The college continues to request the dismissal of an amended complaint in a lawsuit filed by a former student Jillian Doherty, who alleges Emerson mishandled her rape case. The college filed its reply brief, a document in support of the motion to dismiss the lawsuit, on Aug 31.
Doherty, 22, originally filed a civil complaint against the college last August, which claimed that the college violated Title IX, a gender equity law, and acted negligently by failing to prevent her rape. Doherty alleges she was raped by a male Emerson student after a consensual sexual act in his dorm room in April 2012.
After her original complaint was dismissed by a federal judge in May, Doherty resubmitted an amended complaint two weeks later. The college’s July 16 motion requested that her amended complaint also be dismissed.
The college’s reply in support of the motion to dismiss focused on Doherty’s allegations in her amended complaint that the college acted with “deliberate indifference.” The school stated that her claims—that the college had inadequate resources regarding sexual assault, and a failure to properly educate the student body on sexual violence prevention—were factually invalid.
“Emerson College published written policies, procedures, and educational materials to prevent and respond to sexual assaults, and in response to Plaintiff’s sexual assault report, the College investigated, issued no contact directives, interviewed witnesses, reviewed evidence, made written findings, held two hearings, granted an appeal, and expelled her assailant,” the document reads. “As a matter of law, the Court cannot find on those facts that Emerson College was deliberately indifferent to campus sexual assault.”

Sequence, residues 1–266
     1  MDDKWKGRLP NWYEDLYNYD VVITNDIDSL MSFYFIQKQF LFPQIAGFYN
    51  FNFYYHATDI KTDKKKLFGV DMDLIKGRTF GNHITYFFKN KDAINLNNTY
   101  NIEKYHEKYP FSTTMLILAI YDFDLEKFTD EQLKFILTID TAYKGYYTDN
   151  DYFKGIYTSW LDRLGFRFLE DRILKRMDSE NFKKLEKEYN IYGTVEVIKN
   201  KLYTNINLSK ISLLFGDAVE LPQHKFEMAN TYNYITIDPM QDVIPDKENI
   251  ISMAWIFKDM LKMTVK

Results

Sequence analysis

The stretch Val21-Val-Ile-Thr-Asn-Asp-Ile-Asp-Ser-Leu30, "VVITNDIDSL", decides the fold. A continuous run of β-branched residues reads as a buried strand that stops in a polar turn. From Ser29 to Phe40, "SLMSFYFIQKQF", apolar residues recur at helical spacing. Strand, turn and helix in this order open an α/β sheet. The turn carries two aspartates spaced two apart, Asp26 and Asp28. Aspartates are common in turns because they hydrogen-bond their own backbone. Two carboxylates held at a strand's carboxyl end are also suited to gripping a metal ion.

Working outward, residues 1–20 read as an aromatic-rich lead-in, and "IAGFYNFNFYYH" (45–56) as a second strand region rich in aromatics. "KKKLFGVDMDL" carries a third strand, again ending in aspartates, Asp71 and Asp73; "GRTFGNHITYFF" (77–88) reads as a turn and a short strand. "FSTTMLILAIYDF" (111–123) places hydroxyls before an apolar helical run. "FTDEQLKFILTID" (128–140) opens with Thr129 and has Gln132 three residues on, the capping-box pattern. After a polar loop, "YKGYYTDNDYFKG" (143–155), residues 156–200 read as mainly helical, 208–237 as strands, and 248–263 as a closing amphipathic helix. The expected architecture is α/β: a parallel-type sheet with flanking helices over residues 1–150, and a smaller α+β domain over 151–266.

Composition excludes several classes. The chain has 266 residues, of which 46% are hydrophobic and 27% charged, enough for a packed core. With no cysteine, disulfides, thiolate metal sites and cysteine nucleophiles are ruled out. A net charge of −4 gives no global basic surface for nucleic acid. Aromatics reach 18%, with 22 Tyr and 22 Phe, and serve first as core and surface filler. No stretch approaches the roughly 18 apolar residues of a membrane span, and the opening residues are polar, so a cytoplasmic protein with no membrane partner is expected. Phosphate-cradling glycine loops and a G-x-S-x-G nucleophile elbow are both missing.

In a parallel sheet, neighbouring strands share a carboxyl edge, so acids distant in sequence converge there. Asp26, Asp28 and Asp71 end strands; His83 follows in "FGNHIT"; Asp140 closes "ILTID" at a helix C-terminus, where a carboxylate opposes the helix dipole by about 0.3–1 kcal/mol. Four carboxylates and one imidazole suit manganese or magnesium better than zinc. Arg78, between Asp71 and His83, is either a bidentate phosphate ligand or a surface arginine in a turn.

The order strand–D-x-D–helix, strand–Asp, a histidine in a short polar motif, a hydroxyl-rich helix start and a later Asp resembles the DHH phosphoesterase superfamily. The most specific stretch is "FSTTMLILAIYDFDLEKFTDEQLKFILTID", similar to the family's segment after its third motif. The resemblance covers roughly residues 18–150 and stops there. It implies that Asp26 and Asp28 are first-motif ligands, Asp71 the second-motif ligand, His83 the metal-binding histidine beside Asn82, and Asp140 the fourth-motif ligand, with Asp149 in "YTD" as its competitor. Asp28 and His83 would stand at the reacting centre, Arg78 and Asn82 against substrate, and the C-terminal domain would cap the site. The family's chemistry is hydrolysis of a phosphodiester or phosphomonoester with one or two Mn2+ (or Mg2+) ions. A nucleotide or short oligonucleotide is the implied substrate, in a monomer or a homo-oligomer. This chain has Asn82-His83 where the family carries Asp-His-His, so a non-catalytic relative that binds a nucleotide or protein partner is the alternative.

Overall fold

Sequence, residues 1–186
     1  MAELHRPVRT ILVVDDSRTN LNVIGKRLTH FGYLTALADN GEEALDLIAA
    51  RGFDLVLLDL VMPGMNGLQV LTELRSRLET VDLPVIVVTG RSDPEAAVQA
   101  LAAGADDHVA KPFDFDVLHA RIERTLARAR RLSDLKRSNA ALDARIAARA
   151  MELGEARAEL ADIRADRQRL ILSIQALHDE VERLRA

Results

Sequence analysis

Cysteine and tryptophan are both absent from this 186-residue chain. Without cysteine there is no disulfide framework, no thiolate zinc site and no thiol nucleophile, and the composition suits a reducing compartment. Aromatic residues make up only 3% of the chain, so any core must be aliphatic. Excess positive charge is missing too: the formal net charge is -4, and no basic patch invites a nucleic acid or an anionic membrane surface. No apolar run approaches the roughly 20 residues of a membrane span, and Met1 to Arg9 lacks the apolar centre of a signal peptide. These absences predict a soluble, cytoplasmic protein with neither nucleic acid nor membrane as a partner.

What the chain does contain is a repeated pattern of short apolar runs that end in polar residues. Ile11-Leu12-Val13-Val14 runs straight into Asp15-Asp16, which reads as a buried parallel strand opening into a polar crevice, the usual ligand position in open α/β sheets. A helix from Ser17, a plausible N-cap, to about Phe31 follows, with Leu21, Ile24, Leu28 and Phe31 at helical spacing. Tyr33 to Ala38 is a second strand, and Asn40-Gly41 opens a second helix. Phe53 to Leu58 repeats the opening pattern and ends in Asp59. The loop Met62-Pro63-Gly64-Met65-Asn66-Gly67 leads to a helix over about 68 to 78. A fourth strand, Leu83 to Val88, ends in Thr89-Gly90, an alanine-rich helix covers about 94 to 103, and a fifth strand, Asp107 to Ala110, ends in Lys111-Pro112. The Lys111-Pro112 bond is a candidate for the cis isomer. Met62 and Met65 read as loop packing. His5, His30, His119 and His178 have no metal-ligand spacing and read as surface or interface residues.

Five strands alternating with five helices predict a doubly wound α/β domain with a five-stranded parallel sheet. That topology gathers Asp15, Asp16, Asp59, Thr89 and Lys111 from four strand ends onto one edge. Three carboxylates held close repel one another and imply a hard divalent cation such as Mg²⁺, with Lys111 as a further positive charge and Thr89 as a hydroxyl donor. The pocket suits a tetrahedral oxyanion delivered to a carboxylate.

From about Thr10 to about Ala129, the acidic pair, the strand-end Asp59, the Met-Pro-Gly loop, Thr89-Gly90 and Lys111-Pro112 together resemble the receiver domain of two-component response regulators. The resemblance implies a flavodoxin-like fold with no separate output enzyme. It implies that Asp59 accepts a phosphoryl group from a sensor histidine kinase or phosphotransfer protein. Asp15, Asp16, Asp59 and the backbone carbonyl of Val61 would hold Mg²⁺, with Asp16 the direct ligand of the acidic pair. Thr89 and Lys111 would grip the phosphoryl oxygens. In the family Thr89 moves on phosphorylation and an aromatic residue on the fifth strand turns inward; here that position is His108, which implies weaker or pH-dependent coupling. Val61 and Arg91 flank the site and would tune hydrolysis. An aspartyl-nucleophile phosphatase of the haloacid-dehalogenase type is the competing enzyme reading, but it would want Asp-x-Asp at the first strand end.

However, Doherty’s amended complaint also stated that by allowing untrained administrators (including the current Director of the Office of Student Conduct and the case’s Title IX investigator, Michael Arno) to handle her investigation, the college therefore did act with deliberate indifference.
“Due to Emerson’s lack of proper policies and procedures pursuant to Title IX and the lack of education and training of college administrators, Michael Arno’s investigation was woefully inadequate,” the amended complaint reads.
Doherty’s amended complaint also dropped claims against all but one of the four school administrators originally accused of mishandling the investigation. The amended complaint also dropped claims that the college violated the Jeanne Clery Act, which requires colleges to disclose campus crime information. In the past, lawyers for the college argued that the Clery Act can only be enforced by the Department of Education and not through lawsuits, which Doherty’s lawyer acknowledged in the April hearing.
Andrew Tiedemann, vice president for communications and marketing and the college’s spokesperson, wrote in a statement to the Beacon that Emerson maintains the position that Doherty’s amended complaint should be dismissed for the same reasons the court dismissed her initial complaint.
“The allegations establish that the College acted promptly, reasonably, and fairly in response to Ms. Doherty’s sexual assault report,” the statement reads.
Tiedemann wrote that the college expects a hearing on the pending motion to be scheduled by the court in September.
Doherty did not respond to requests for comment.